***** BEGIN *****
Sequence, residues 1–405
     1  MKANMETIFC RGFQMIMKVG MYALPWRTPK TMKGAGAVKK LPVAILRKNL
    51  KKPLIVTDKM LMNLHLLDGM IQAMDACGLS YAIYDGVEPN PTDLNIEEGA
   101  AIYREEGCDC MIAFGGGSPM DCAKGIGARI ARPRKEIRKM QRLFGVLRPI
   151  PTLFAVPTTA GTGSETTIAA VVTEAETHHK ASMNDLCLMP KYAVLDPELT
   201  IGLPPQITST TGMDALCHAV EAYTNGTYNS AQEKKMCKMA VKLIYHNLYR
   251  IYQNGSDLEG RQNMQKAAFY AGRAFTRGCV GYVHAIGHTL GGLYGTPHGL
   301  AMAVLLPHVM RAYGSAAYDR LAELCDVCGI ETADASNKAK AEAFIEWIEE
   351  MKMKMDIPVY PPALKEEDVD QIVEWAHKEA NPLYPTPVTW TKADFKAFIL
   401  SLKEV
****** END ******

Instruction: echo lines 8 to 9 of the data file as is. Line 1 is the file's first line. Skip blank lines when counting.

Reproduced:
   301  AMAVLLPHVM RAYGSAAYDR LAELCDVCGI ETADASNKAK AEAFIEWIEE
   351  MKMKMDIPVY PPALKEEDVD QIVEWAHKEA NPLYPTPVTW TKADFKAFIL